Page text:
Wen Jiabao

Latitude Wen enjoys signals party's evolution

PUBLISHED : Monday, 09 May, 2011, 12:00am
UPDATED : Monday, 09 May, 2011, 12:00am


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Since the crackdown on the pro-democracy movement in 1989, any discussion of Western-style political reform has been taboo - or at least kept behind closed doors, like the proverbial skeleton in the cupboard.

But the fact that Premier Wen Jiabao can maintain his status despite his recent calls in public for political reform - contrary to the leadership's consensus - underscores the significant changes that have taken place in the Chinese political system since 1989.

Wen's boldness has coincided with a stepped-up crackdown on political dissent and a tightening of the authorities' grip on the media following widespread political upheaval in the Arab world this year.

Yet he appears to be safe from political retribution. Unlike outspoken leaders such as Hu Yaobang and Zhao Ziyang, who were purged for their liberal remarks, Wen has continued to air his frustrations publicly with little impact on his political career, although many believe he can only do so because he will be retiring in early 2013.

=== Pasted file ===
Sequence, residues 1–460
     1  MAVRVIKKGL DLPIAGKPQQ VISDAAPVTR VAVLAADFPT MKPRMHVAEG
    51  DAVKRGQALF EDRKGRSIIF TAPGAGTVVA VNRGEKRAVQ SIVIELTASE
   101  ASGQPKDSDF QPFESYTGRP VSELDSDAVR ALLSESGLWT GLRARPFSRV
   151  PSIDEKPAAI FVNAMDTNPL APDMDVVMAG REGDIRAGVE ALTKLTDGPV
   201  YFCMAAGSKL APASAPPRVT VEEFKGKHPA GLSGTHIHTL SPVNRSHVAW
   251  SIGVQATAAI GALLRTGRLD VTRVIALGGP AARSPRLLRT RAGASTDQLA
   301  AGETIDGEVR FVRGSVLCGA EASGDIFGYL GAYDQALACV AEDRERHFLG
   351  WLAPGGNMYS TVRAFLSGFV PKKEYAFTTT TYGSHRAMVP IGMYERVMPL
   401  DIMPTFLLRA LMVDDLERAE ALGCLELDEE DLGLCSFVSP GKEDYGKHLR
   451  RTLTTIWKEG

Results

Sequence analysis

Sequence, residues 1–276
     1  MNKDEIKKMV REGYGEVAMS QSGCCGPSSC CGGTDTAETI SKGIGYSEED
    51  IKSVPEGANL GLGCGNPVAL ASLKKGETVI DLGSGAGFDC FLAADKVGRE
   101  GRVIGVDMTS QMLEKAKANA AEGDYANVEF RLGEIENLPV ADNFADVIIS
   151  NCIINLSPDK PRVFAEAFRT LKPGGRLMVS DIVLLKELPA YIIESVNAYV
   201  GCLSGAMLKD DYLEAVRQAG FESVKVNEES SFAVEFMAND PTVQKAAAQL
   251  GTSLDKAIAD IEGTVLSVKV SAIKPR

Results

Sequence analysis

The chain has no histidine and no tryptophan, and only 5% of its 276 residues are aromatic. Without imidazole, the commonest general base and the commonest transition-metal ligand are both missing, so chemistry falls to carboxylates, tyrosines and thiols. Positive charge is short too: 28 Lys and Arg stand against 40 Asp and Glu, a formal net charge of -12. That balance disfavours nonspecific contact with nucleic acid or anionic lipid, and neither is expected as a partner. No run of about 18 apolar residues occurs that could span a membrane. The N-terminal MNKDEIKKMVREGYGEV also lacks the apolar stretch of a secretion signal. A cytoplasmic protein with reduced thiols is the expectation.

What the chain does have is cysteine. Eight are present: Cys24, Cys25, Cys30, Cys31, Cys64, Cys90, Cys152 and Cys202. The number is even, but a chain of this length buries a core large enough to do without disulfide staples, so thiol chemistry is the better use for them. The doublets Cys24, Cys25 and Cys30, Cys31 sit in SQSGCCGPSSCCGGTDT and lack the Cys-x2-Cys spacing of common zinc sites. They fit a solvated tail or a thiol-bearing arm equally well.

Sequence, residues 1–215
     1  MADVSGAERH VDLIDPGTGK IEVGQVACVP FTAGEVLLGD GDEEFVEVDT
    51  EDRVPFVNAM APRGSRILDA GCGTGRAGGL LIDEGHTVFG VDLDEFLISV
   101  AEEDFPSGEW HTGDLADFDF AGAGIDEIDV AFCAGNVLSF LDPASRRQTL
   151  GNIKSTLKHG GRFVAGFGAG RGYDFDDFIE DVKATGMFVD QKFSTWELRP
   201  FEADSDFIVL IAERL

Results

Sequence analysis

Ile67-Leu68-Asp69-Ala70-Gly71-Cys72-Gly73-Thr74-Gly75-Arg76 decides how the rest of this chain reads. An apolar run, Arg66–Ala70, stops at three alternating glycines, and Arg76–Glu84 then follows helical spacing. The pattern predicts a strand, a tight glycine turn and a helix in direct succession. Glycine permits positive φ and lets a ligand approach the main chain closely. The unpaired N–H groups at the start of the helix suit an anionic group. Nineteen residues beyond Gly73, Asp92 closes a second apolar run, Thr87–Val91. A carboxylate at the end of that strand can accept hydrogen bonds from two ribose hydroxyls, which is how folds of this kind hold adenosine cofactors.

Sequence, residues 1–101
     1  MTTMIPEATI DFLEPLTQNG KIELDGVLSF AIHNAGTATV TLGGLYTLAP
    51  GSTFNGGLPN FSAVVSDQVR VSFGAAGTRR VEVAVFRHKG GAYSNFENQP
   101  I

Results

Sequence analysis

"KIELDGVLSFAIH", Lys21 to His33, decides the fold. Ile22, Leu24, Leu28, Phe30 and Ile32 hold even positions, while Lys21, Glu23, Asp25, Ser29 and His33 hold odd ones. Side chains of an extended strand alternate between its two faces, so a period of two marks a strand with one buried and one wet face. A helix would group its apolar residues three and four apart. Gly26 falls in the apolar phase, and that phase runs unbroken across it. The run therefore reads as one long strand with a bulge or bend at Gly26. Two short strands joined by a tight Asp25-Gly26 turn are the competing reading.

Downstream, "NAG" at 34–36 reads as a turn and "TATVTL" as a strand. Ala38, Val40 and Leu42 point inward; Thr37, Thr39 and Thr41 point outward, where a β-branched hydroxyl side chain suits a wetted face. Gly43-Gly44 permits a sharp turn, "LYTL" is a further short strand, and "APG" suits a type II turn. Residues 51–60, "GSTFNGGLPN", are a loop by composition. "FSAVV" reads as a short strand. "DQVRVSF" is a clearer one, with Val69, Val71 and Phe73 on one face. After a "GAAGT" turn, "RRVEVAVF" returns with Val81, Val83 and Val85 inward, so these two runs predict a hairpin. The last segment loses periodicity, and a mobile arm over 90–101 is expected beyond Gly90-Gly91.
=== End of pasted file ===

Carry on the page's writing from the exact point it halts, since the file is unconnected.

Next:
Wen ignited the debate with a series of speeches in which he said political reform was a do-or-die issue for the party.

He renewed his campaign in speeches in Malaysia and Indonesia last month and in a chat with young people in Beijing on Tuesday, the eve of China Youth Day.

Some analysts say Wen's remarks echo increasingly louder voices within and outside the ruling party calling for political reform, with many lower officials and academics in government think tanks joining the chorus.

Others say Wen is a dissenting voice within the top leadership, because many other members of the Politburo and its Standing Committee have argued the opposite on countless occasions.

Professor Zhang Ming, a political scientist at Renmin University, said the fact that Wen's recent remarks were censored on the mainland suggested he was out of step with other senior leaders.